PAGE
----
There are many scenarios I could posit, but I'll pick one. Let's say your pre-revenue start-up needs a product for sale within 4 months, because that's your company's runway. There's a lot of work to do and limited resources, but if you don't meet that deadline your company has no product to sell and you are out of a job. Are you really arguing that it's poor leadership to say: "we have a hard deadline- the product must be ready in 4 months"?

There are many such hard deadlines in life, and failing to recognize them and motivate your team to meet them is poor leadership.

It's just a date. Ship something by this date. I would suggest shipping more than once before this date. I would not call that a deadline in the normal sense that it's used. Of course, dates should be used as part of the planning process, when necessary. The problem is that most deadlines are overly restrictive and used unnecessarily only to reduce the anxiety of the manager at the expense of the team's motivation. So the net result is less, delivered later.

There's an interesting video by Allen Holub that I've seen on the somewhat related topic of ridding software development of estimates (#NoEstimates)[1].

He argues that they're responsible for deadlines that are impossible to meet due to them being based completely on a guess. He then goes on to talk about how we can still get predictive power without giving estimates. I found it extremely interesting and highly recommend it.

[1] https://www.youtube.com/watch?time_continue=4&v=QVBlnCTu9Ms

As Eisenhower says "Plans are worthless, but planning is everything".

Setting deadlines is useful for planning. Respecting them at all costs is dangerous. They need to be updated when we have more information.

The deadlines absolutely have to have some amount of padding in them.

Often the problem with missed deadlines is the inexperienced "managers" that set them.

They have no idea how long things take and as a result introduce wrong time estimates that lack proper padding. This often jeopardizes the whole project and causes unnecessary amount of stress.

I don't feel like you can always wave deadlines away. There's always events like conferences, big customers on the hook for a sale, end of quarter, etc. I'd settle for reasonable discussions about scope trade-offs, resources, etc.

Due Date = Real deadline (like your examples)

Target Date = A guess as to when something will be ready that can and will change with new information

Sprint = Not even remotely a deadline, just a measure of time that serves no useful purpose at all outside of contract dev shops who sell time by the sprint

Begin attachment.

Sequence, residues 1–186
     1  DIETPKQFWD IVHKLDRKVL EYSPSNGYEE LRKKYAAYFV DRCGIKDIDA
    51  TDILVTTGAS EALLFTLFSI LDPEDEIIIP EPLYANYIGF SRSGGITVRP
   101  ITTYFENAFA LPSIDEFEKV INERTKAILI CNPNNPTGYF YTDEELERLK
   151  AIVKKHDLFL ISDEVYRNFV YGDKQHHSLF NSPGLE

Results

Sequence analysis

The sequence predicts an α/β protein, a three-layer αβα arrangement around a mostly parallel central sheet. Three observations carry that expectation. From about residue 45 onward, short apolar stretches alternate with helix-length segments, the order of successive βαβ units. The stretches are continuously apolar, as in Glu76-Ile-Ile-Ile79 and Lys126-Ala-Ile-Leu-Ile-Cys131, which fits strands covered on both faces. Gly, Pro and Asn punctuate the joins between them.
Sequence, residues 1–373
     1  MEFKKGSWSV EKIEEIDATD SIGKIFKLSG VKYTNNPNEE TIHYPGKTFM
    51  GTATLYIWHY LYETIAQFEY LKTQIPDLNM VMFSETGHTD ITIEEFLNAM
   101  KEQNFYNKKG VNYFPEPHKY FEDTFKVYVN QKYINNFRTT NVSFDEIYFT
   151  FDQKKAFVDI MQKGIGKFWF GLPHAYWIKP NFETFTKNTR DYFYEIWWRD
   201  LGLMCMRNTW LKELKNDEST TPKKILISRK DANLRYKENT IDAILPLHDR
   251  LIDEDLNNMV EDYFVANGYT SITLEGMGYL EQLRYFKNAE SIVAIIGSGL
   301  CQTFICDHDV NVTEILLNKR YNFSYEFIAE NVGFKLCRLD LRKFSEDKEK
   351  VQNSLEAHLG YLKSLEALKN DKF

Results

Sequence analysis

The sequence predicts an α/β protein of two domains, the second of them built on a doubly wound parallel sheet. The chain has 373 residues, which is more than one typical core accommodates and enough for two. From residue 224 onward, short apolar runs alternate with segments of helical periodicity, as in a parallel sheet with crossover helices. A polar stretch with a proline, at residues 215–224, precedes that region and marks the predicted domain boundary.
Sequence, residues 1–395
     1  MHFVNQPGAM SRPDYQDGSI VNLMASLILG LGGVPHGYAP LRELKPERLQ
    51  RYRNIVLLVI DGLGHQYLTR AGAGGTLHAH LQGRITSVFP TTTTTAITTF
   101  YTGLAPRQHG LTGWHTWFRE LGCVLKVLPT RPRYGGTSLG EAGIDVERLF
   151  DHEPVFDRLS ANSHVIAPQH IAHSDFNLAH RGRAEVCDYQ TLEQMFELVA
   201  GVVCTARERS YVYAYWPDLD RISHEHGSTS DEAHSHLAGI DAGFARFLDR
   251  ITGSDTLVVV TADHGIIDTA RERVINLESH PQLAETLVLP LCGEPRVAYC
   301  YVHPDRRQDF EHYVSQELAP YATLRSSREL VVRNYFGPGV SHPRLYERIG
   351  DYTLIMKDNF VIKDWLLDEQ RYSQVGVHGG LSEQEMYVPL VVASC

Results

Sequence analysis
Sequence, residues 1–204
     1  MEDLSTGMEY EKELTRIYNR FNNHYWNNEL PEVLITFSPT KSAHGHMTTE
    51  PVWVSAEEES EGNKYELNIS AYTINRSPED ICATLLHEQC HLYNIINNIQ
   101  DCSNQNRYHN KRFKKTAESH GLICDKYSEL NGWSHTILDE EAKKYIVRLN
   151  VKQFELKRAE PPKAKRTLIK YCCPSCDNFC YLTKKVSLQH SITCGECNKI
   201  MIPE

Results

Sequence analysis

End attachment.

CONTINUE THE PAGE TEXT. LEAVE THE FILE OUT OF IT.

A Sprint simply defines a planning cadence. Some teams find it helpful to do planning and retrospectives on a fixed schedule to ensure they actually get done rather than postponed.

Sometimes the purpose of a sprint is to have a synchronization point that allows you to evaluate the state of the system in some way.

The title of the article sounds far more controversial than its content. The article in a nutshell: waterfall is bad, agile is good. Click-bait anyone?

... plus nearly everything else I know about leadership.

Deadlines = tradeoffs

Unnecessary deadlines = unnecessary tradeoffs.

tldr; a rambling article about narcissism (ironically)

Narcissistic employees are one of the main causes of loss of employee motivation. Deadlines are a highly ineffective mechanism that attempts, unsuccessfully, to motivate employees (by controlling them with fear).

Well, this was mostly a very long rant. This guy seems to be full of frustration. Also the intercept about narcissists? WTF? That was completely beside the point.

I would summarize it like this: this guy have a lot of anecdotes to tell and now he is projecting his prejudice and sour experience to everything and everyone.

In case you missed it, the number one thing I know about leadership is: root-out and fire narcissists. It's the most effective thing you can do to turbocharge your company.

FYI, one of the ways you can spot a narcissist is by how they project their emotions onto others, rather than taking responsibility for them.

The narcissist part was interesting. But it seemed completely unrelated to the topic of the article I clicked on, namely, deadlines. I recommend splitting it into its own blog article.

Great idea. I'm also wondering if this was actually an article about narcissism very poorly disguised as an article about deadlines.

First: I didn't read the article - but the headline.

I'm not sure if i hit the tone, but without deadlines the culture to ship any things on time and to expectation would vanish.

Shippable would become inforeign and obsolete, and the least distance to bodily happiness would be commonsense. Ship it, till you break it.

Ship bad code wizh vi4cular recursions neverless: cannabis

Ship dead code dancing forever neverless: opiates

Ship the fuck up coz it is colorful: lsd

(Maybe I should not press enter to send, but, i will do now) And then i read the article and try matching it to the headline.

Am I having a stroke

Thanks for a hearty chuckle! Still laughing!